Dee Tue 01-Mar-16 11:19:31

Thank you so much Imperfect27 for your wise words.
My lovely husband died suddenly in our kitchen 2 years ago and I was completely overcome with the most terrible grief. I've not had a trouble free life and have coped with some bad times but this was a whole other level of horror.
What I did learn was respect and admiration for friends who had been widowed before me. I had thought I understood how they felt but I had no idea until it happened to me.
I've been blessed with good friends and two lovely children who miss their stepdad every day, we have clung together and survived. You never get over this sort of thing but you do get through it, older and wiser.
I choose to celebrate the wonderful years I had with my husband, I'd had a bad marriage before and know the value of a good one.
And thank you gransnetters too.

shelana Thu 03-Mar-16 11:31:15

I have recently lost my second husband and am going through the grief process.As people have said, sadness can come upon you suddenly -like a physical pain.I try to counteract this by remembering the happy times we spent together.Sometimes it works...I have found great consolation from family and friends-particularly in the local church.There are many people there who have shared such grief and understand when to allow you to talk about a loved one or just to give you a pat or a hug!Try not to be too alone.Gransnet is helping too!

jinglbellsfrocks Thu 03-Mar-16 13:03:01

To lose a son to suicide at the age of twentythree must be the saddest thing in the world. I don't think I could be empowered by it. I would rage against whoever let a mentally ill young person sink so low in this day and age. I'm not really judging because I don't know enough about the circumstances, but no way could I take it on the chin. I would sink under the weight of it.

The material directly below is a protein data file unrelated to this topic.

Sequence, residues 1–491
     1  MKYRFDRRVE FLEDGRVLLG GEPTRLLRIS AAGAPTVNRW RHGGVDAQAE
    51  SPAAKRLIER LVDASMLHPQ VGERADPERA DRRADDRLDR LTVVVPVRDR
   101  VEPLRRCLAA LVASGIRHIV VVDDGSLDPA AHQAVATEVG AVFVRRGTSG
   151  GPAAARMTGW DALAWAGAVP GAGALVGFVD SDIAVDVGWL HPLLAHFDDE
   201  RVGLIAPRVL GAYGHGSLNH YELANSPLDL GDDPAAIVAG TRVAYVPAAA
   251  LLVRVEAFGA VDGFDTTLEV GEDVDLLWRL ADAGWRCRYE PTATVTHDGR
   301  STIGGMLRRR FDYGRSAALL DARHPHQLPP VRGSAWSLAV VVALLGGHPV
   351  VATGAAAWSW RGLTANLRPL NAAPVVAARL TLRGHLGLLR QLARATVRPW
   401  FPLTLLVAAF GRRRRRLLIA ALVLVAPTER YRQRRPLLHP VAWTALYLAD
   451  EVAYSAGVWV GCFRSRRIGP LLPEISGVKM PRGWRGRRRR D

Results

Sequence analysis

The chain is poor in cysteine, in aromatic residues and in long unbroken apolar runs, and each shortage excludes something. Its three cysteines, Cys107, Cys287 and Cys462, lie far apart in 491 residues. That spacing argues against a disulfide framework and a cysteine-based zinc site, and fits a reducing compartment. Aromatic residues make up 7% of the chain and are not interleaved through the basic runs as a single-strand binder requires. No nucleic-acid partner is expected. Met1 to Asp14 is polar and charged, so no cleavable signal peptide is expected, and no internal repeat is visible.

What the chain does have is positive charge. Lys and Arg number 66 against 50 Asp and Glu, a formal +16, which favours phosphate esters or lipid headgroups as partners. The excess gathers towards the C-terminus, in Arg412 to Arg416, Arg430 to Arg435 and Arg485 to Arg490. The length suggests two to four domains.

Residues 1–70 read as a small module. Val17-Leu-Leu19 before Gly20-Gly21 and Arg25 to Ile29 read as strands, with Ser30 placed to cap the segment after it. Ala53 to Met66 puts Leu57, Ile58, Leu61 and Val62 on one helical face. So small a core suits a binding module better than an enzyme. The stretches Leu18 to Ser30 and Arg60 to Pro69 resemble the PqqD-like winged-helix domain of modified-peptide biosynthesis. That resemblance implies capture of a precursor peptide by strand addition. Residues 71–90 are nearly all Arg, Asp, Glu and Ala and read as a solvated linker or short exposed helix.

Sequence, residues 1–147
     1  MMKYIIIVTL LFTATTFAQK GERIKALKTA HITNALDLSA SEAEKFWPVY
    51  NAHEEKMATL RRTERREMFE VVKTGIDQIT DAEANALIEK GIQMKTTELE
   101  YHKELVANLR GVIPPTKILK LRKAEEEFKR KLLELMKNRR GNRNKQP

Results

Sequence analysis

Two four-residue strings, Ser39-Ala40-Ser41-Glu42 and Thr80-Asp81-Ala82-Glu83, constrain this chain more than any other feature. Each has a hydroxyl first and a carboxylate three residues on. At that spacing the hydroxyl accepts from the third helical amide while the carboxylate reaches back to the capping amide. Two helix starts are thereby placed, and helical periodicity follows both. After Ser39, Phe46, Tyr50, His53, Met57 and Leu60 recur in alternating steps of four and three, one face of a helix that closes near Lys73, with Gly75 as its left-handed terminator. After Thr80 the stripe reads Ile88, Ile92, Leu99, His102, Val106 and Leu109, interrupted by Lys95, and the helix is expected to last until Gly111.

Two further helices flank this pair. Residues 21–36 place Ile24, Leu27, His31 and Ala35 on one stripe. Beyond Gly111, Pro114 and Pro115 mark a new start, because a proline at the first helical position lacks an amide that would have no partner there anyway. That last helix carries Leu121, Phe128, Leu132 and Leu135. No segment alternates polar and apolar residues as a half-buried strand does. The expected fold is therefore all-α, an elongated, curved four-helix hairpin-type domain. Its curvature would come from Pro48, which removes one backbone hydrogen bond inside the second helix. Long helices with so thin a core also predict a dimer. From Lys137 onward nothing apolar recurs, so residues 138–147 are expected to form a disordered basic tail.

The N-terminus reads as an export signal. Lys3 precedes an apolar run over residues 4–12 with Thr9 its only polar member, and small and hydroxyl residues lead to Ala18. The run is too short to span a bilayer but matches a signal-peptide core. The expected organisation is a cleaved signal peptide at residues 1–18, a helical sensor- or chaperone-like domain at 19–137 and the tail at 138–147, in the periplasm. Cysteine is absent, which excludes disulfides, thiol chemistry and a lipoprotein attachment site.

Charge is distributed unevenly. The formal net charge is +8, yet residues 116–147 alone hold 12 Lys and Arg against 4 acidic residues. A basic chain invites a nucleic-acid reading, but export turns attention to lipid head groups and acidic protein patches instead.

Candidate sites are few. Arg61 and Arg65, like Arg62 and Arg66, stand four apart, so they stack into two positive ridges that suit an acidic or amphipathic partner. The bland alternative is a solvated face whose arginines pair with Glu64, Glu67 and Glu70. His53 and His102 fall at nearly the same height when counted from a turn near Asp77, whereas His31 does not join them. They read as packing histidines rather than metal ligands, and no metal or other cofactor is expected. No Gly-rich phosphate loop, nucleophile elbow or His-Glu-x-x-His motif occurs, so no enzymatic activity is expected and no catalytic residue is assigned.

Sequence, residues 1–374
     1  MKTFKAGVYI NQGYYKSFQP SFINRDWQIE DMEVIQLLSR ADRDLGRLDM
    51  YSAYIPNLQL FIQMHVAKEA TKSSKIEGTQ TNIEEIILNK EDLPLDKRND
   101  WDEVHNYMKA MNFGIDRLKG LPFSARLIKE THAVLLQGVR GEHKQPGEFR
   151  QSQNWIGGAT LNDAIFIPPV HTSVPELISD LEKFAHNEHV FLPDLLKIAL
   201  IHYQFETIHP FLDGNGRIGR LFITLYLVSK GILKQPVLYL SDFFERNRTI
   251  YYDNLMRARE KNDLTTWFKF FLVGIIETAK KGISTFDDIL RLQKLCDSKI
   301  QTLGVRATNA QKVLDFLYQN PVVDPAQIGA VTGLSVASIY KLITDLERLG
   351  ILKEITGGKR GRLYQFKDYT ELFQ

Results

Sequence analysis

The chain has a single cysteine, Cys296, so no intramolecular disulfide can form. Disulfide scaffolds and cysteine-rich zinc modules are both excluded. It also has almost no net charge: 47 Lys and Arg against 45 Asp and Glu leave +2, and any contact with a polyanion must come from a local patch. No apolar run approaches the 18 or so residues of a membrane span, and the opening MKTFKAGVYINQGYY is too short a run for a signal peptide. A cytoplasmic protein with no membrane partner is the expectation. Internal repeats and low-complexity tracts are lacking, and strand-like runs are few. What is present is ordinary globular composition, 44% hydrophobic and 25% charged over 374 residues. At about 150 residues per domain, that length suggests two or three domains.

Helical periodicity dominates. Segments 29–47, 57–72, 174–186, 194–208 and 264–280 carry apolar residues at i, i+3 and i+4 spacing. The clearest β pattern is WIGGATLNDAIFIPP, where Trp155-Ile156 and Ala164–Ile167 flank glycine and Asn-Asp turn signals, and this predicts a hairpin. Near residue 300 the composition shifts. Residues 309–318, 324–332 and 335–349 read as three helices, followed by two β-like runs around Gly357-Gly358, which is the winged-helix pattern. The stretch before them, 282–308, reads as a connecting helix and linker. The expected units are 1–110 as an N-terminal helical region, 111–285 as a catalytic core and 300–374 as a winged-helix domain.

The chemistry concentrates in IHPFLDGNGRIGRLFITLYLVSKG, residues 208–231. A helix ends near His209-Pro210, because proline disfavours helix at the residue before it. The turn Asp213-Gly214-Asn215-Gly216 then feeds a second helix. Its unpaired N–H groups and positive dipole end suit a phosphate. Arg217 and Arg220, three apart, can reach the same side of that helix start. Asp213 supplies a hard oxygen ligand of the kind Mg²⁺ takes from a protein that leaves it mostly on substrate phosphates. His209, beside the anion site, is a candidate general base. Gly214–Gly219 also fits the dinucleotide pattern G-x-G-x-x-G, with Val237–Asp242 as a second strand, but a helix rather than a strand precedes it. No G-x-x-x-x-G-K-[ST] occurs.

downtoearth Thu 03-Mar-16 13:41:29

I am in the same position as paul and Libby my daughter aged 23 committed suicide due to Domestic in the beginning I volunteered with groups who dealt with the victims ,so strong was my anger,and later family groups trying to support others,2 years on I suffered a breakdown,but lived to fight another day,then had to undergo the horrors of the trial,custody,and coroners court,it lasted 6 years,it is so different to a death due to illness there is shock,guilt,shame,and an ache to know why,that you can never find out....GN helps because the subject is discussed anonymously and bit by bit you are able to let some of it out..I often feel that people are irritated or bored by my story,some may be unaware of it..jings you may surprise yourself,you have no choice but to go on especially if you have other children an adults relying on you.

Riverwalk Thu 03-Mar-16 13:51:55

downtoearth believe me no-one on GN is irritated or bored by your story .... the idea of your 23-year old daughter taking her own life because of domestic violence must fill the heart of everyone with sadness flowers

And we know that you continue to struggle with bringing up your DGD - I shouldn't presume to speak for others but I think it safe to say that we are inspired by your efforts. smile

downtoearth Thu 03-Mar-16 14:03:04

Thank you RW GN is a safety valve for any one in difficulties,a place where the strong can renew their energies,and I hope I can offer as much support to others on here as I receive xx

jinglbellsfrocks Thu 03-Mar-16 14:44:10

I don't remember asking anyone's opinion on my post. I was replying to the blog post.

downtoearth Thu 03-Mar-16 15:40:28

do you have to be so rude and abrupt jingle

jinglbellsfrocks Thu 03-Mar-16 17:29:39

I am sorry if that was hurtful downtoearth. I think it's too sensitive a subject to comment on other people's feelings though. That's all.

jinglbellsfrocks Thu 03-Mar-16 17:34:58

Maybe Gransnet should put a bit more thought into the choosing of these 'blogs'. At our age we are likely to have been through a variety of life experiences and some things are bound to touch nerves.

They are only adverts for books anyway. Kerching! hmm

jinglbellsfrocks Thu 03-Mar-16 17:35:37

Sorry again downtoearth. flowers

downtoearth Thu 03-Mar-16 18:24:20

thanks jingle wine all forgottensmile